Question about my Maytag 8000BTU A/C

Good golly it is hot!!!!
Having said that, I am concerned that my 2-year-old Maytag 8000BTU A/C should be doing a better job than it is.
I have it in my 12' X 18' so-called sun-room. The blinds are all shut. We were away for several days, and of course the room was quite hot when we returned.
I put the A/C on High Cool, but after some 3 hours the room temp is still some 84 degrees. I put a reefer thermometer in the outlet of the unit, and it reads about 65 degrees at the lowest. No wonder the room stays hot. Shouldn't the 65 degree-reading be lower - say, 50-55 at least?
I do hear the compressor cycling.
What does anyone think?
Thanks
Jethro
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Jethro wrote:

Hi,
JMO!
Give it 24 hours. Approx 15-20 difference between the air temp in and the air temp out is normal for the 8,000 BTU unit.
jeff. Appliance Repair Aid http://www.applianceaid.com /
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On 1 Aug 2006 11:21:29 -0700, "Appliance Repair Aid"

I feel better now - even if I am hot.
Thanks for reply
Jethro
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What is the outdoor temperature? A 20 degree drop over the coils is about right. With the recent very high temperature we've been having in most of hte US, you won't get the same cooking you got last year when the outdoor temperature was 15 to 25 degree less.
My question though, is the compressor cycling. Do you mean it turns off and on? Seems to me at 84 degrees, it should stay on for some time. Is the filter clean? Coils clean?
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wrote:

Thanks for response.
It was 100 degrees here yesterday, which is quite high. No, it was not cycling much if at all. I can set the threshold to make it cycle. Yes the filter is clean as are the coils. I checked.
It just surprised me that the temp of the air coming from the thing was as high as it was. My RV's roof A/C, for example, puts out air so cold that it has a 'bite'. Much less than 65 degrees. Same is true of both of my auto A/C's.
This AM, the ambient air outside is in the 80's. I want to see how it behaves this morning (it was off overnight).
Jethro
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This shows what a central unit air temperature should be. I don't know about a room unit. http://www.baumbach.com/Plumbing/ACTips.htm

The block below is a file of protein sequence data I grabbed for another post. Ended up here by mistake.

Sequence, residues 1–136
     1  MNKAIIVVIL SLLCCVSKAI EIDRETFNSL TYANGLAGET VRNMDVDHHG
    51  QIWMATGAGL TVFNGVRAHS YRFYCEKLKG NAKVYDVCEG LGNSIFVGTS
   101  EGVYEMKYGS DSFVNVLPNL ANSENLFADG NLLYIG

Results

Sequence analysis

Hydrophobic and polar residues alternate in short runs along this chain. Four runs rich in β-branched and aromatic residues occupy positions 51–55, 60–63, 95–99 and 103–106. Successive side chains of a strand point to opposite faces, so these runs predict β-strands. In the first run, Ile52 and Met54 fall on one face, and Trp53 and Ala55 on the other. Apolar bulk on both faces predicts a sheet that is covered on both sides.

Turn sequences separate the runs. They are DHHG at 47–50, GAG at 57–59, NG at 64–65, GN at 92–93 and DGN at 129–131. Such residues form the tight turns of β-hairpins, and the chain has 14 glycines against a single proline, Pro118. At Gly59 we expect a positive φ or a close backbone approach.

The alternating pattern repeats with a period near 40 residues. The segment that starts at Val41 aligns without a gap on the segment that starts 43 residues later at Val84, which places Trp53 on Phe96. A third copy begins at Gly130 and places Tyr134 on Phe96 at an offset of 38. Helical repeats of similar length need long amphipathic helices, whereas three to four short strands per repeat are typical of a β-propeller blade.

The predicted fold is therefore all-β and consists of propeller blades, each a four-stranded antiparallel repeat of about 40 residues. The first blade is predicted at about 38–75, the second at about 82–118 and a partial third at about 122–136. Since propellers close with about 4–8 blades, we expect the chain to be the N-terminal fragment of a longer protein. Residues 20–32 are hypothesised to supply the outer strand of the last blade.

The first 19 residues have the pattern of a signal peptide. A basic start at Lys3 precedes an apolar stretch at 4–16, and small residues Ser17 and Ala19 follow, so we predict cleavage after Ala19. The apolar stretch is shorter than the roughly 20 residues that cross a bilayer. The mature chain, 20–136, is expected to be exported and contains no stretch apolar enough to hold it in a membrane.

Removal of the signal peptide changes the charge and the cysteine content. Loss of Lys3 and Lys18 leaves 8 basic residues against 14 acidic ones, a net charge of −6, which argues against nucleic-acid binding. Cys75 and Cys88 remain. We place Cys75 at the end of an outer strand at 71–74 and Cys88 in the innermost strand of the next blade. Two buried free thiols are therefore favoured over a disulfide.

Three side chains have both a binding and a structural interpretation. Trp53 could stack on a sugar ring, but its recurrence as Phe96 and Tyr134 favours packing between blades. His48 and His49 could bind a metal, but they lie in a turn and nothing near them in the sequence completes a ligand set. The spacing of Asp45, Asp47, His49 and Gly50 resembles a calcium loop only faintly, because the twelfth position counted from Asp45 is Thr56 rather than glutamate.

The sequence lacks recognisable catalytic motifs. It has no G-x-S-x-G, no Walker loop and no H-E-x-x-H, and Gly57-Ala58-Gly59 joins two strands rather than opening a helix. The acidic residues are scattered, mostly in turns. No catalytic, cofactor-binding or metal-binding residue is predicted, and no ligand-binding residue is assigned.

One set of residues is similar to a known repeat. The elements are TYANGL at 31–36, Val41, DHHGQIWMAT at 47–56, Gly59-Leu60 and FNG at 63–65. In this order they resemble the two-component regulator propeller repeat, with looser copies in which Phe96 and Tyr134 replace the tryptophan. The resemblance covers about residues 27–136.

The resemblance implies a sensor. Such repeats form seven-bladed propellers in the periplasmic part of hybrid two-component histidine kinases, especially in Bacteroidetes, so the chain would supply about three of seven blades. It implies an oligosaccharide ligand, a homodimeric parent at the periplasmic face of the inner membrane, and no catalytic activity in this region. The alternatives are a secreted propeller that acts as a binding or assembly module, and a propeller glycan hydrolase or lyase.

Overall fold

I do know that the auto AC is very high capacity and the leaving air temperature is lower than a residential unit.
You may do better overall leaving hte AC on overnight too. The solar heat gain may be more than the capacity so running at night reduces the sensible heat to start out the next day.
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Jethro wrote:

Room units usually have two or three fan speeds. Does it feel humid in your home? Try medium speed for several hours for a cooler cooling coil. If you have acute humidity problems, try low speed for a umber of hours.
Buy a thermometer that also reads percent of humidity and try for 50% or less!
After things cool down: http://www.udarrell.com/airconditioner_current_temperature_btuh_charting.html
--
Air Conditioning\'s Affordable Path to the "Human Comfort Zone Goal"
http://www.udarrell.com/air-conditioning-total-heat-enthalpy-latent-heat.html
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Well, I measure temperatures a lot (retired engineer). Both of my cars' A/Cs (R12 units) put out 42-45 degree air when they are recirculating on medium fan speed, about 49-50 degrees when flowing through at 80 F outside.
My Hampton Bay (Home Depot) 5,000 btu window unit in the bedroom puts out 45-47 degree air with the temperature controller set at around 72 degrees and cycling on and off.
My new 12,000 btu mini-split puts out about 50 degree air if the room is warmer (76-77), and finally gets down to 46 degree output when it is controlling the room at 74-75. I'm measuring it right now, as a matter of fact.
-- Dennis
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On Wed, 02 Aug 2006 00:35:46 -0500, snipped-for-privacy@SPAMwowway.com (DT) wrote:

This is more like what I would expect.
Jethro
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Dear Dennis, I'm finding that engineers may cease their day job, but they never really retire. One (retired) engineer friend of mine came to my place one time to help with the brakes on my truck. At one point we snapped off a bolt. So, he pulls a multi function calculator out of his pocket, and proceeds to calculate the size of the drill needed to tap for threads. A retirement home full of engineers would be an interesting experience. Imagine the food service workers, being told that their food wasn't hot enough, and a report with three signifigant figure data to back it up?
--

Christopher A. Young
You can\'t shout down a troll.
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cayoung61-&spamblock*-@hotmail.com says...

Hah! I think you are right, Stormin! Now, the question I ponder: do we think that way because we are engineers, or do we become engineers because we think that way to begin with?
-- Dennis
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On Wed, 02 Aug 2006 08:32:02 -0500, snipped-for-privacy@SPAMwowway.com (DT) wrote:

As an 'almost EE', I can appreciate what you say.
Jethro
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